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From Ceasefires to Pauses: Shedding Light on the Lexicon of War



With the war between Israel and Hamas showing little end in sight, leaders worldwide are urging restraint among parties involved. The U.S. and UN have repeatedly called for humanitarian pauses, while others push for truces, ceasefires and cessations of hostilities.

Although these terms of conflict are used interchangeably, the language of war is both legally and practically consequential.

Here’s what you need to know about the nuances of nomenclature when the stakes are high.

Humanitarian Pause

The UN Office for the Coordination of Humanitarian Affairs defines a humanitarian pause as a “temporary cessation of hostilities purely for humanitarian purposes.” These pauses almost always apply to a specific location and for a very narrow timeframe (sometimes only hours) for the explicit delivery of food and water, medical support, and other life-saving interventions.


The International Committee of the Red Cross (ICRC) uses the term “truce” and “suspension of hostilities” to mean the same thing. A truce is usually an ad hoc, nonbinding agreement, confined to a specific geographic area. It indicates a temporary halt and typically comes after an especially intense period of fighting. Truces are generally made by the parties themselves, and often come and go throughout the duration of a conflict. Truces can be called for any purpose, including humanitarian reasons. The ICRC notes that, “A truce should enable work to be done that is unrelated to the general conduct of war (e.g. removal of the wounded, burial of the dead, exchange of prisoners) or give military commanders time to ask for instructions regarding negotiations.”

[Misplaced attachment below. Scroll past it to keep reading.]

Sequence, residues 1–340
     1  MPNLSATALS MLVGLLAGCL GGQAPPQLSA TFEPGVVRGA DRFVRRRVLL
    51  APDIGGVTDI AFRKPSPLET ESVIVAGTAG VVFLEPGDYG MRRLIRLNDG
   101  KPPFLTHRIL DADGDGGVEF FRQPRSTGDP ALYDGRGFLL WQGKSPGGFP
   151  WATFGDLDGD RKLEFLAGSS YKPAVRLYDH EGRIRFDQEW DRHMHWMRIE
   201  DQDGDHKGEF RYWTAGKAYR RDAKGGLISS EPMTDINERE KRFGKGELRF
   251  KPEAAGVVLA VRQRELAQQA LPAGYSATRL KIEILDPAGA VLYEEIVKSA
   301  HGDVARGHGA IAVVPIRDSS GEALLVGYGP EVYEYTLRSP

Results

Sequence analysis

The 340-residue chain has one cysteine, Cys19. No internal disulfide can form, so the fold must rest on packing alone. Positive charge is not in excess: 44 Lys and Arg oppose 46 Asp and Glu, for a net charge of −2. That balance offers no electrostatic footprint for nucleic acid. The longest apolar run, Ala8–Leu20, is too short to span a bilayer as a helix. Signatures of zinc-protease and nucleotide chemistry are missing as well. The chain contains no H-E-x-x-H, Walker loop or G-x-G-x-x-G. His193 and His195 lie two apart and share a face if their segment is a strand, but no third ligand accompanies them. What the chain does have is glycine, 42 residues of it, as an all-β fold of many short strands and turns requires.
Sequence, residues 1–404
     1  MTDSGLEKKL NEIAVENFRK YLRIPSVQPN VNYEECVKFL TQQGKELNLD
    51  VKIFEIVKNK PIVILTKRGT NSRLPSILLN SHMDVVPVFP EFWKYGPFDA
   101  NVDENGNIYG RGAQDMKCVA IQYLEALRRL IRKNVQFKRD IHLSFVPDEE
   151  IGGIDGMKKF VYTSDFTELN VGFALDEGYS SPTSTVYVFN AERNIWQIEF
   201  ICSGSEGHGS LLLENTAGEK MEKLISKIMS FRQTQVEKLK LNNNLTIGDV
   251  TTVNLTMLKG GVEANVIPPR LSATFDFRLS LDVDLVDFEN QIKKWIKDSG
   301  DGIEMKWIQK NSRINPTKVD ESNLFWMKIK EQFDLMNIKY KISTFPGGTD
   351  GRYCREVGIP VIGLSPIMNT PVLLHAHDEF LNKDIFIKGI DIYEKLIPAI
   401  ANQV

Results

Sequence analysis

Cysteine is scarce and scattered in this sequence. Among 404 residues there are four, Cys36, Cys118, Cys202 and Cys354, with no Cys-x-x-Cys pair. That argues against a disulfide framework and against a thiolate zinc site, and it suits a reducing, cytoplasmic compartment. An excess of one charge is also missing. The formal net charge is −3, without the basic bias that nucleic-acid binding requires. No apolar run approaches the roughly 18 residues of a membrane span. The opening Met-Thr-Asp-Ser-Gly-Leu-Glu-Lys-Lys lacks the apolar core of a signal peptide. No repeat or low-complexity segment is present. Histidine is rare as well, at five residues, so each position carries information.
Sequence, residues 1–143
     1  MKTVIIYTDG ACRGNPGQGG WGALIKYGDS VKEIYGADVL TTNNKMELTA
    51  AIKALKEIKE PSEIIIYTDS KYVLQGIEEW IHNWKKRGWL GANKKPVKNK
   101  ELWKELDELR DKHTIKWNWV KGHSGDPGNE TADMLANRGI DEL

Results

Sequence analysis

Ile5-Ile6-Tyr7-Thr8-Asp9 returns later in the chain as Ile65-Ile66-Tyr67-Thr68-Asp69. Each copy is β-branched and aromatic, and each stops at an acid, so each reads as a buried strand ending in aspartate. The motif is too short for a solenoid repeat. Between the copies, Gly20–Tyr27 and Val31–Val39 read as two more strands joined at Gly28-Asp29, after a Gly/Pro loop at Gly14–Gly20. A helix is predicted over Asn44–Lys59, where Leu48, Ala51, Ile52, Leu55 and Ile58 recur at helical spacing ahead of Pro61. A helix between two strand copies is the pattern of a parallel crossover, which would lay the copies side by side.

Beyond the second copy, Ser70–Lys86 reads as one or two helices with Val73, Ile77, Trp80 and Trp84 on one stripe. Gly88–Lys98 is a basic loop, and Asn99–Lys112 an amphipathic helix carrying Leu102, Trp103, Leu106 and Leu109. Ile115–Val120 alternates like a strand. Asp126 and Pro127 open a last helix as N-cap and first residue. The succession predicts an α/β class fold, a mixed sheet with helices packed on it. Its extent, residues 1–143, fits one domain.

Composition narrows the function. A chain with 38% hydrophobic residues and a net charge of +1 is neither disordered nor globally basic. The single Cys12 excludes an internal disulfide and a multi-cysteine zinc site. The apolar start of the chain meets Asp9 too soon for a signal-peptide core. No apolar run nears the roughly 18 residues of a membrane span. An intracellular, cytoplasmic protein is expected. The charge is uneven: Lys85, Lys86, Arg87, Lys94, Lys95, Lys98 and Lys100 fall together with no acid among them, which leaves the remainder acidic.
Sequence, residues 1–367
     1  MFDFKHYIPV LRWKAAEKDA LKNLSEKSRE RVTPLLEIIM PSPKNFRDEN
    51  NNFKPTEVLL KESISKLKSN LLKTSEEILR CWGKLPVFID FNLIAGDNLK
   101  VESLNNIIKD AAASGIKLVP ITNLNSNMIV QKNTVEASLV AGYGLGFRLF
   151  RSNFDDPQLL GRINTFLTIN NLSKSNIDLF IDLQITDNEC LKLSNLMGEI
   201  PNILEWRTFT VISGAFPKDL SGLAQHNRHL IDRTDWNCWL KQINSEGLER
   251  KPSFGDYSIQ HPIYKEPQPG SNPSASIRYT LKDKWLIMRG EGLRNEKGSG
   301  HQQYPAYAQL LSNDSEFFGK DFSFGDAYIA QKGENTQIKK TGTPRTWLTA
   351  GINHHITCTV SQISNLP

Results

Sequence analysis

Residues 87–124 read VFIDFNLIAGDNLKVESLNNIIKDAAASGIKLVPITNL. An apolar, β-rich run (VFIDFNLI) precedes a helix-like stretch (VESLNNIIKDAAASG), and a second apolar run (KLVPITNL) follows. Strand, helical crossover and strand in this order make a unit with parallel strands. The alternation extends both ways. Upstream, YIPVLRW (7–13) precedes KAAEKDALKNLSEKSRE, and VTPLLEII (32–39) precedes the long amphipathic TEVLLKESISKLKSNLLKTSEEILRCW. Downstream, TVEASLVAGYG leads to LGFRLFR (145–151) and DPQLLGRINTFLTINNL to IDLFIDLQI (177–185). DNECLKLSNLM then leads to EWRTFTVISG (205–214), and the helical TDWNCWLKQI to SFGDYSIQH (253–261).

Cessation of Hostilities

A cessation of hostilities is considered more formal than a truce, but unlike a ceasefire, is nonbinding. A cessation of hostilities means one or both sides have announced plans to suspend fighting, which may signal the early stages of broader peace negotiations.


Ceasefires are generally binding, but often fleeting. Like a cessation of hostilities or a truce, they’re designed to keep violence at bay for a designated period of time. Importantly, they do not indicate an end to conflict, but ideally create space for parties to negotiate potential solutions to conflict. Ceasefires also typically involve commitments to stabilize or de-escalate, such as marking demilitarized zones to officially separate opposing forces or removing tanks other military equipment from a specified area. Notably, according to the UN, a ceasefire applies to the entire geographical region of conflict.


Like the armistices that ended the world wars, an armistice is a legally binding, formal agreement among parties to conflict to permanently end all military operations against each other. Armistice agreements don’t yield peace, however, but move conflicts from the battlefield to the negotiating room and kick off the process for pursuing lasting peace.

The UN’s Role

It’s important to note that the United Nations can urge and help broker any of these agreements with parties involved. However, while decisions made by the UN Security Council are legally binding, those of the UN General Assembly are not. And ultimately, adherence to any end to conflict must be upheld by those engaged.